“We strongly urge postal policy makers, both inside the Postal Service and elsewhere in government, to think creatively about how the Postal Service should be adapting its retail services to meet society’s current needs,” he said. “It would be tragic to dismantle the postal retail infrastructure and lose an opportunity to maintain it and improve the delivery of government services.”
The APWU recognizes the need for change in response to reduced mail volume and changes in the mail mix, Guffey said, and he pointed out that the new Collective Bargaining Agreement provides the USPS increased workforce flexibility, and includes innovative provisions that will permit management to provide retail services at lower costs.
However, the union has actively resisted the consolidation of many operations, the union president said. “In many cases, we have found that cost savings have been over-estimated and that actual cost savings cannot justify the adverse service impacts of the changes.”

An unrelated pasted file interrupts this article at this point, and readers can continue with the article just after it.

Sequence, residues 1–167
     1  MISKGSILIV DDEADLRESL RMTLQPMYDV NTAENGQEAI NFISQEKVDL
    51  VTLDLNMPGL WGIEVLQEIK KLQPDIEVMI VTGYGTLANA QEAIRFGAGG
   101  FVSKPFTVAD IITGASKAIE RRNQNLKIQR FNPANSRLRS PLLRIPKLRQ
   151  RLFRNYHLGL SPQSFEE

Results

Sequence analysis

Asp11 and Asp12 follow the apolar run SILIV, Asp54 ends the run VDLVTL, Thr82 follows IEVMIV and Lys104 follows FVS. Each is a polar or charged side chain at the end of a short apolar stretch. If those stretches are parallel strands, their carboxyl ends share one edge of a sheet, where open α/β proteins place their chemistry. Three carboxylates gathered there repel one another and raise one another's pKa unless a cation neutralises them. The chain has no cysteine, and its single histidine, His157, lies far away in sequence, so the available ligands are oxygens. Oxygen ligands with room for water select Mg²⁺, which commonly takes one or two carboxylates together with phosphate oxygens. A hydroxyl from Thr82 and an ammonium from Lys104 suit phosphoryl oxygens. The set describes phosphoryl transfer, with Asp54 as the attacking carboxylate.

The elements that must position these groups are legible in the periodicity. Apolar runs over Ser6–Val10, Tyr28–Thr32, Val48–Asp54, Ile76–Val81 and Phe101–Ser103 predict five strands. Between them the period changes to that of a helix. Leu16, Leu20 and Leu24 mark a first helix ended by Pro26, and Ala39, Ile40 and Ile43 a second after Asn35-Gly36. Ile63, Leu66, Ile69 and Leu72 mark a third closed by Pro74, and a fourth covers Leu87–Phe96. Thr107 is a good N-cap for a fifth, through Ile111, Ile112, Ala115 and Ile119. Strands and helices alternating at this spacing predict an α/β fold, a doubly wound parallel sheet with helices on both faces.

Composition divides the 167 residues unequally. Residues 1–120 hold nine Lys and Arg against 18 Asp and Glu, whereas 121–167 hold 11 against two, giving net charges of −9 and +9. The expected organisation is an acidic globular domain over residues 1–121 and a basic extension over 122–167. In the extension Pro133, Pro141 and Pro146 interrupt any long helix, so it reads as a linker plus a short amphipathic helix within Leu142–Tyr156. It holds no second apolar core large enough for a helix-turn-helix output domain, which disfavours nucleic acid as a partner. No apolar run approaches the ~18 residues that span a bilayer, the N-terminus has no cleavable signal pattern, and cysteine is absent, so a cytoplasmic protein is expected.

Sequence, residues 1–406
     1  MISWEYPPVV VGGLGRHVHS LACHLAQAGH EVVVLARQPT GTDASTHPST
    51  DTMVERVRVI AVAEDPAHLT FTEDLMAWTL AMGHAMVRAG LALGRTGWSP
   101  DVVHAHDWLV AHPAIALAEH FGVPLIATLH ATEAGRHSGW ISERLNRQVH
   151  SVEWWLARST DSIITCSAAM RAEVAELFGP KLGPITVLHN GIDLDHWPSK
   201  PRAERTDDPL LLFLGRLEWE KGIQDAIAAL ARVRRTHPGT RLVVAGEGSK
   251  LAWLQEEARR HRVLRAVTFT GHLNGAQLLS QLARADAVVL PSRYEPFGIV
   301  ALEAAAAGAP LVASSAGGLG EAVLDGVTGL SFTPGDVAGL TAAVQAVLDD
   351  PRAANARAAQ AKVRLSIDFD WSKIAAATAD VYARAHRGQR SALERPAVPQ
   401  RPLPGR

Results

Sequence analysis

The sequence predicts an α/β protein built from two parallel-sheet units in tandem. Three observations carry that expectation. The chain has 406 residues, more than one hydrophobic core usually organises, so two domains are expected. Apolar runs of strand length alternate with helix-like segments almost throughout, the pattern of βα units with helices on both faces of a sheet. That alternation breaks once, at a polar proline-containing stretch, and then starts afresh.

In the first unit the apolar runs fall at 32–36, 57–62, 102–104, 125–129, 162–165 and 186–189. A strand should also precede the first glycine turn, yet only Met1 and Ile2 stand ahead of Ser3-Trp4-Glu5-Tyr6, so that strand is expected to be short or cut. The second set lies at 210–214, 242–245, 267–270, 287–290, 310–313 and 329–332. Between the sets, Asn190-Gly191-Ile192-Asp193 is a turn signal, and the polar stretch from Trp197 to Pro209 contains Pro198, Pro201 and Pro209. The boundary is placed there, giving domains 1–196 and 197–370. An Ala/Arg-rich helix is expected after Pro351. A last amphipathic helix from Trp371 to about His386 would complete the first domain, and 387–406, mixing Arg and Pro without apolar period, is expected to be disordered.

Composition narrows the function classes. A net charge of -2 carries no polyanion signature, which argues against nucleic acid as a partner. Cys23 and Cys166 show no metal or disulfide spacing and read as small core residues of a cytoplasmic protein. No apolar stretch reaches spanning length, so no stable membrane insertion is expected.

It is also difficult to accurately gauge the needs of the mail processing network because mail volume is constantly in flux, Guffey said. Despite the USPS overall reduction of work hours, overtime has increased — which shows that the Postal Service needs its current employees.
Subcommittee Chairman Dennis Ross (R-FL) also invited testimony from several witnesses to press the case that the USPS network should be cut. Philip Herr, director of Infrastructure Issues for the Government Accountability Office (GAO), called on Congress to “make it easier and faster to close post offices.”
When asked by Rep. Stephen Lynch (D-MA) how many USPS facilities he thinks the USPS “really needs,” Herr said he “wouldn’t venture a guess.”